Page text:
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Sensors 2016, 16(8), 1305; doi:10.3390/s16081305

High-Resolution Time-Frequency Spectrum-Based Lung Function Test from a Smartphone Microphone

1
Department of Biomedical Engineering, Wonkwang University School of Medicine, 460 Iksandeaero, Iksan, Jeonbuk 570-749, Korea
2
Imaging Science based Lung and Bone Disease Research Center, Wonkwang University, 460 Iksandeaero, Iksan, Jeonbuk 570-749, Korea
3
Department of Internal Medicine, Wonkwang University School of Medicine, 460 Iksandeaero, Iksan, Jeonbuk 570-749, Korea
4
Department of Radiology, Wonkwang University School of Medicine, 460 Iksandeaero, Iksan, Jeonbuk 570-749, Korea
*
Authors to whom correspondence should be addressed.
Academic Editor: Ki H. Chon
Received: 29 April 2016 / Revised: 3 August 2016 / Accepted: 10 August 2016 / Published: 17 August 2016
(This article belongs to the Special Issue Smartphone-Based Sensors for Non-Invasive Physiological Monitoring)
View Full-Text   |   Download PDF [2249 KB, uploaded 17 August 2016]   |  

Abstract

In this paper, a smartphone-based lung function test, developed to estimate lung function parameters using a high-resolution time-frequency spectrum from a smartphone built-in microphone is presented. A method of estimation of the forced expiratory volume in 1 s divided by forced vital capacity (FEV1/FVC) based on the variable frequency complex demodulation method (VFCDM) is first proposed. We evaluated our proposed method on 26 subjects, including 13 healthy subjects and 13 chronic obstructive pulmonary disease (COPD) patients, by comparing with the parameters clinically obtained from pulmonary function tests (PFTs). For the healthy subjects, we found that an absolute error (AE) and a root mean squared error (RMSE) of the FEV1/FVC ratio were 4.49% ± 3.38% and 5.54%, respectively. For the COPD patients, we found that AE and RMSE from COPD patients were 10.30% ± 10.59% and 14.48%, respectively. For both groups, we compared the results using the continuous wavelet transform (CWT) and short-time Fourier transform (STFT), and found that VFCDM was superior to CWT and STFT. Further, to estimate other parameters, including forced vital capacity (FVC), forced expiratory volume in 1 s (FEV1), and peak expiratory flow (PEF), regression analysis was conducted to establish a linear transformation. However, the parameters FVC, FEV1, and PEF had correlation factor r values of 0.323, 0.275, and −0.257, respectively, while FEV1/FVC had an r value of 0.814. The results obtained suggest that only the FEV1/FVC ratio can be accurately estimated from a smartphone built-in microphone. The other parameters, including FVC, FEV1, and PEF, were subjective and dependent on the subject’s familiarization with the test and performance of forced exhalation toward the microphone. View Full-Text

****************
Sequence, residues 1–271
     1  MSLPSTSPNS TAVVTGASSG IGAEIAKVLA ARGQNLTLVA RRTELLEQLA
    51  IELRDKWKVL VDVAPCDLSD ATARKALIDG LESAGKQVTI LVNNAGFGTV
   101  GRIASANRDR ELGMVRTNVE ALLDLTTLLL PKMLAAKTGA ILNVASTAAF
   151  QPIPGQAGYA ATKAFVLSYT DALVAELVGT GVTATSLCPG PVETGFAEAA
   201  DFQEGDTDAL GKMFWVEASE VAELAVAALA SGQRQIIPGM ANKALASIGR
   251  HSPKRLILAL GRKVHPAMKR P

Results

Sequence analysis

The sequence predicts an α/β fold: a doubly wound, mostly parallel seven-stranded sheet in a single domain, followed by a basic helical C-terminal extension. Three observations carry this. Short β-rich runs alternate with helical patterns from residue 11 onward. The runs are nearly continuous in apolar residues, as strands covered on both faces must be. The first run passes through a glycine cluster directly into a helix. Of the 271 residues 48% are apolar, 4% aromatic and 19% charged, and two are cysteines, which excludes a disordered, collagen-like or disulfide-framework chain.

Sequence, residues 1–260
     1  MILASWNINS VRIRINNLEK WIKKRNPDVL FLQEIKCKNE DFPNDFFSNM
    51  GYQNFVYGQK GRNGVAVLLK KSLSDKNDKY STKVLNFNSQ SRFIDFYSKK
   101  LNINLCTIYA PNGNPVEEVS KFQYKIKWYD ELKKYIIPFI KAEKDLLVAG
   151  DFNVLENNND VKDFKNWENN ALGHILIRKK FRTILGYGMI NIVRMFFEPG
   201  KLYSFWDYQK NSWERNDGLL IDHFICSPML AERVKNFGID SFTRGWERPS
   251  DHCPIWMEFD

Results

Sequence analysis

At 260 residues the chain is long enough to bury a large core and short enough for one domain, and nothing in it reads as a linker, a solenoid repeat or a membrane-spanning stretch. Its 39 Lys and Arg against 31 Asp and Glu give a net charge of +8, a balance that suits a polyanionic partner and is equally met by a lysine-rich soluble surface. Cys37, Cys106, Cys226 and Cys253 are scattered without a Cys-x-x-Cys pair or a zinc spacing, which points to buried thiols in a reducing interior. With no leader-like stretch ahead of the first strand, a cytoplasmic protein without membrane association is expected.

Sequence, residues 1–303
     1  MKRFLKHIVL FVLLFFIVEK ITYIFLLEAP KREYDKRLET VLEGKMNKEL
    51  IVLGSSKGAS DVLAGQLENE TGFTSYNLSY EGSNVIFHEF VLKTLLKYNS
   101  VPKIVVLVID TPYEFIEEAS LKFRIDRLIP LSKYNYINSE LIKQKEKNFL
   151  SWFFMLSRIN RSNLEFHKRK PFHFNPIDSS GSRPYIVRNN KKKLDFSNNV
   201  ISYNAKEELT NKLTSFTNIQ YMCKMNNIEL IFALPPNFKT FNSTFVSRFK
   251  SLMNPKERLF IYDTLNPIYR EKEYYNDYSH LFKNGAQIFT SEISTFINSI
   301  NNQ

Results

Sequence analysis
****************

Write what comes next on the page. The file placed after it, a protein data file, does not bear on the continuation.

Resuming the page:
Keywords: smartphone microphone; pulmonary function test; FEV1/FVC; COPD; high-resolution time-frequency smartphone microphone; pulmonary function test; FEV1/FVC; COPD; high-resolution time-frequency
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This is an open access article distributed under the Creative Commons Attribution License which permits unrestricted use, distribution, and reproduction in any medium, provided the original work is properly cited. (CC BY 4.0).

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MDPI and ACS Style

Thap, T.; Chung, H.; Jeong, C.; Hwang, K.-E.; Kim, H.-R.; Yoon, K.-H.; Lee, J. High-Resolution Time-Frequency Spectrum-Based Lung Function Test from a Smartphone Microphone. Sensors 2016, 16, 1305.

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